Guest post by Vaileria Dennis.
A workaholic is a person who works for longer hours than the average person. A sedentary lifestyle is a type of lifestyle with no or irregular physical activity.
A person who lives a sedentary lifestyle may colloquially be known as a “couch potato.” Sedentary activities include sitting, reading, watching television, playing video games, and computer use for much of the day with little or no vigorous “no-equipment physical exercise.”
A sedentary lifestyle and lack of physical activity can contribute to or be a risk factor for:
Well, just when I thought Pope Francis couldn’t be any cooler, he has come out with an eloquent 10 commandments for stopping climate change and the “disturbing warming” of our planet.
One would think he was Native American.
These 10 commandments were part of a 182-page encyclical on climate change entitled “Laudato Si [Praised Be To You]; On Care for Our Common Home.”
Encyclicals are teaching documents traditionally addressed to Catholics worldwide, but this one was addressed to “every person living on this planet.”
In it, he said, “The Earth, our home, is beginning to look more and more like an immense pile of filth. In many parts of the planet, the elderly lament that once beautiful landscapes are now covered with rubbish.”
Have you ever thought that your inexperience might be your super power?
In leadership seminars I took many years ago, I consistently heard the phrase, “knowledge is power.” But is it always?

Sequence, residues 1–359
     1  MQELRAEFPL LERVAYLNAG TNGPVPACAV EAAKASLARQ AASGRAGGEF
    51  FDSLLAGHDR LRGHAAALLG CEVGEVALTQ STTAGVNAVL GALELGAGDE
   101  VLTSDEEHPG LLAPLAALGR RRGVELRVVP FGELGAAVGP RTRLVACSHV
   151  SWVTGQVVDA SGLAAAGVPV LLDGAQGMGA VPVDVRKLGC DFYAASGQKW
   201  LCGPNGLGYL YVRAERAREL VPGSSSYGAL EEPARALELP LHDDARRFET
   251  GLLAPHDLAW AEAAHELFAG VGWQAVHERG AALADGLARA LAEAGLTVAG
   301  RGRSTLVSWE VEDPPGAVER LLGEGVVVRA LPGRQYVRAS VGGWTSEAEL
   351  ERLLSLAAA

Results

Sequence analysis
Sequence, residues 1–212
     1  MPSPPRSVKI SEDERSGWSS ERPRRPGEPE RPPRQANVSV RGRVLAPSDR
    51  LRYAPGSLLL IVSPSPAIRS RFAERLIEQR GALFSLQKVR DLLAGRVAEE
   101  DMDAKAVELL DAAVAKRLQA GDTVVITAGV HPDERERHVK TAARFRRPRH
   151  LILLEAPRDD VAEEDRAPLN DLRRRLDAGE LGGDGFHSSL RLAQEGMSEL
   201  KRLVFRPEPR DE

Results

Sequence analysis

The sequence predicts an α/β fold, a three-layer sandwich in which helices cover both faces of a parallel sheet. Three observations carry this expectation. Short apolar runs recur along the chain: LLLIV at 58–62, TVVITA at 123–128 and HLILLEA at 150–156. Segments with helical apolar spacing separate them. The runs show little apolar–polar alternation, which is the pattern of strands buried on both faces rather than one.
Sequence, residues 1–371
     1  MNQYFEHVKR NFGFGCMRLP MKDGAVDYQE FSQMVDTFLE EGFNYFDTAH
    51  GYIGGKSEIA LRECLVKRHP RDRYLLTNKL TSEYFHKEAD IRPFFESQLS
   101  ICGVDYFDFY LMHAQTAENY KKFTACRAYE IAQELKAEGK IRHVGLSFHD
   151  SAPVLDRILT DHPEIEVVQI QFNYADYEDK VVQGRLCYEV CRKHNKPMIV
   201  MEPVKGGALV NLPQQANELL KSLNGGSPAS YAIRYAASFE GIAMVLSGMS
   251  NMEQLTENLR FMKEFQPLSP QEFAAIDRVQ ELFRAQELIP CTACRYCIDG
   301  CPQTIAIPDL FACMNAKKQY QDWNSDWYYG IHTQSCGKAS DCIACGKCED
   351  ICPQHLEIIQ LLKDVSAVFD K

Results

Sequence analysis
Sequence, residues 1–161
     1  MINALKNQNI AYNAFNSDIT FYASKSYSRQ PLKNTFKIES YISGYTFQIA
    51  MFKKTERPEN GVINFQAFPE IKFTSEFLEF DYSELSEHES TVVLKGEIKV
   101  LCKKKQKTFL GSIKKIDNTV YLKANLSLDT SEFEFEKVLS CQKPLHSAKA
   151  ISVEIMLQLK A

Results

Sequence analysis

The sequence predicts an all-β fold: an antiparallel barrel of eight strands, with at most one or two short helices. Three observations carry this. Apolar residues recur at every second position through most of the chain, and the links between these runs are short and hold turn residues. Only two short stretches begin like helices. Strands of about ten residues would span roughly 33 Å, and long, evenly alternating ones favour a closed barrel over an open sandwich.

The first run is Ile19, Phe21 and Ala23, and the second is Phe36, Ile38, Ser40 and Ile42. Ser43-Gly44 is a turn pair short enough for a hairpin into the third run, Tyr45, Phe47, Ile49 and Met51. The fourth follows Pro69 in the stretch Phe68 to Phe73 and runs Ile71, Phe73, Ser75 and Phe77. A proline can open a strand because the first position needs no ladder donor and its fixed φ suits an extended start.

Sometimes the more you know, the less you see, because you think you have nothing new to learn. Just like a computer with too much data, it just might slow you down.
I have also found that naivete and inexperience can be powerful allies in life.
Years ago I was at a party and walked into a room where a group of friends were playing on a small pool table. Curious, I asked what they were playing.
“Pocket billiards. Want to play?”
“Sure,” I replied, “what do I do?”
Pointing to the various pockets and handing me a cue, my friend said, “shoot this ball into this pocket and that ball into this other pocket,” etc., etc.
Much to my friends’ amazement, I did exactly that, because I was too naïve and inexperienced to know it was supposed to be hard!
So there was a super power I didn’t know I had.
The link to this lovely film on Gratitude was sent to me by a friend in Norway. I just had to share it. It’s only 6 minutes long.
This post was first published on www.tinybuddha.com
“Enjoy the little things, for one day you may look back and find they were the big things.” Robert Brault
One of the things I love about the Native American spiritual path is the focus on appreciating the simple things in life.
Simple things are often hard to relate to in today’s world of overwhelm.
Eric Schmidt, executive chairman of Google, says we human beings currently create as much information in two days as we did from the dawn of civilization up through 2003!
And yet our bodies were, and still are, designed to be in tune with the sun, the moon, the seasons, and the cycles of nature. That simplicity is what our souls long for.